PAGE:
GOED EXCHANGE 2016

NMR test method could revolutionize verification of omega-3 oils

By Hank Schultz

- Last updated on GMT

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Related tags Fish oil Omega-3 fatty acid Fatty acid

Transparency in the supply chain rests on reliable tests to verify the provenance of ingredients, but proving beyond doubt where an oil came from has been a problem in the omega-3s space. A new test method being brought to market by the company OmegaVeritas promises to fill in this gap.

At the recent GOED Exchange 2016 meeting held on Tenerife in Canary Islands, managing director Svein Erik Haugmo gave an overview of his company’s technology. 

“The industry has had problems with adulterated products,”​ Haugmo told NutraIngredients-USA. “For example, we have heard of a case of a refinery that bought fish oil that was supposed to be from a source in Peru but it turned out not to be suitable for human consumption.”

How can you be sure where it comes from?

Haugmo’s co-presenter, Oliver Kromer of the German fish oil distributor Imperial Öl Import, laid out some of the groundwork about why a rock-solid testing methodology is needed. Kromer said consumer trust in food products, which extends to omega-3 dietary supplements, has been damaged in recent years by a series of scandals.  First there was the melamine scare, in which the chemical usually used in plastics was added in to infant formula and pet food to provide a subsidiary source of nitrogen to fool protein tests. Six infants died in China as a result, and as many as 54,000 were hospitalized. Other scandals followed on melamine’s heels, such as substitution of seafood in the American market, Asian honey finding its way into products sold in the US that were advertised as being from domestic origin and most recently the news that much of Italian ‘extra virgin’ olive oil was tainted with inferior grades or oils form other sources altogether. It’s to the point where consumers start to question, what’s really in this stuff, and can a producer prove that what’s on the label is in the bottle?

The situation is especially pressing in the fish oil game, Kromer said. In a theoretical case study, Kromer showed how the fish oil that ends up in softgels manufactured in the US could come from multiple sources as part of a complicated global supply chain. A Peruvian extractor of crude might purchase greater or lesser amounts of oil from elsewhere to fill in for fluctuations in its own stock, for example. This oil could commonly come from Morocco and the whole chain includes many hands and many opportunities for other oils to find their way into the finished product, overseen in this case by a broker in the Netherlands. Without a test that can differentiate fish oil by geographical source, companies concerned with verifying their supply chain are left with a document trail and a series of relationships based on trust (which of course have to be part of the picture in any case).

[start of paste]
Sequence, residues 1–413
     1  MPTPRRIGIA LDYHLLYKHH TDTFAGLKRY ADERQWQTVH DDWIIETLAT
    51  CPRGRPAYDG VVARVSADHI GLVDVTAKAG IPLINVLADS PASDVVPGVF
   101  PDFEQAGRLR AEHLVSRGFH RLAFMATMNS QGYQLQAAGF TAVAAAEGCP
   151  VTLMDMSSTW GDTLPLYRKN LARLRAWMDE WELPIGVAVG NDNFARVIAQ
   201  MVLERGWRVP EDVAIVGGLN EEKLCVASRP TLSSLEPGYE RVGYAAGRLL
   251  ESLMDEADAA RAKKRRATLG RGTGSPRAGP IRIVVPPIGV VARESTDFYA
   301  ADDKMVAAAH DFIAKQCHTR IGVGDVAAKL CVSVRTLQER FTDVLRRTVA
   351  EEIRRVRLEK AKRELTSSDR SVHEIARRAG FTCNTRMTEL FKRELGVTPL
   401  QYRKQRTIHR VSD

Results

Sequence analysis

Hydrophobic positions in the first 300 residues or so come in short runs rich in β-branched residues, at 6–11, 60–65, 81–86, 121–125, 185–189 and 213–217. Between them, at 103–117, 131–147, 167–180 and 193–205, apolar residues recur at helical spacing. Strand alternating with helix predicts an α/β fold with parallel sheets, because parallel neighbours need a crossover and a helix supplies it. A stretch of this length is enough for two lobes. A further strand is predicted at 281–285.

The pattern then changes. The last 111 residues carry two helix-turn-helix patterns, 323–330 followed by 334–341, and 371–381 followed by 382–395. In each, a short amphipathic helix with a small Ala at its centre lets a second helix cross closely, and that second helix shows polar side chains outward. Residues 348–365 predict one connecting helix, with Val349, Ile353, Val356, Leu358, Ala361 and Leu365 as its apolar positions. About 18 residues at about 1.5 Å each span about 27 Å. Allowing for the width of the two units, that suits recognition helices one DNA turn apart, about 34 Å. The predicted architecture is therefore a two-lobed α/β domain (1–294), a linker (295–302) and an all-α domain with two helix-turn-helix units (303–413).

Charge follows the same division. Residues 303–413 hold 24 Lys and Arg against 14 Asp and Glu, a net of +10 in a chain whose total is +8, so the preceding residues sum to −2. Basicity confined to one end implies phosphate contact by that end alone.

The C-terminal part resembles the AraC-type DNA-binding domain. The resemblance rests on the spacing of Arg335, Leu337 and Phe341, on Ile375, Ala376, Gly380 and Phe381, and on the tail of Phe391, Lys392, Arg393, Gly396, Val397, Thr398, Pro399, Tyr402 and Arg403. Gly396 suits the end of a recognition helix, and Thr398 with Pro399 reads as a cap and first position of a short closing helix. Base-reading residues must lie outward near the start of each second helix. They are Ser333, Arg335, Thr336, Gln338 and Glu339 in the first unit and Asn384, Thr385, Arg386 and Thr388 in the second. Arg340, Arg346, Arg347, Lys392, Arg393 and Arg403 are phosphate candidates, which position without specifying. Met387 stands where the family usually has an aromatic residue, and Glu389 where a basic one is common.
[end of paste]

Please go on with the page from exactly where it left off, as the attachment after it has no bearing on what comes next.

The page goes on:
“With whole seafood there are a lot of ways to identify it. For processed oils up to now you have been basically stuck with the fatty acid composition,”​ Kromer said.

NMR technique drills down to geographical source

haugmo

Haugmo said his company has now developed a method, which is in the final stages of full validation, that can verify oils by species and source. Up to now, this has been done based on the fatty acid profiles. This is a reliable method, especially for verifying that the oil is suitable for human consumption, but the natural variance in stocks means that the values achieved through these tests fall within ranges, rather than hitting numbers on the nose. These ranges overlap, meaning a test result might show that an oil came from one of several sources.

OmegaVeritas, based in Molde, Norway, has developed an NMR technique (Nuclear Magnetic Resonance) that can differentiate isotope ratios in the elemental composition of omega-3 oils. For fish oil, this would look at hydrogen and carbon, and in krill oil and other high-phospholipid sources phosphorus would also form part of the test. The test is sensitive enough to differentiate oils from different regions, as the distribution of isotopes is not uniform around the globe. Haugmo showed a sample test in which the technology could determine that a given lot of oil came from anchovies harvested in northern Peruvian coastal waters.

“Most of the industry wants to do the right thing,”​ Haugmo said. “Up to now there was no technology where you could prove it.”

Sustainability bona fides

Being able to verify beyond a shadow of a doubt where a given lot of omega-3 oil come from is not just a quality issue, Haugmo said. There are increasing concerns about the sustainability of marine resources, and being able to prove that the oil in a product comes from an MSC or other verified fishery could be a differentiator in the marketplace.

“The challenge has been to use sustainably sourced oils and being able to prove that the oils come from the parts of the world that they should come from.  There is a lot of interest in this technology.  The response here at the meeting has been quite massive,”​ Haugmo said.

Transparency forum

NutraIngredients-USA is hosting a FREE online forum on Transparency in Supplements tomorrow at 11 AM Eastern time.  To register, click here​.

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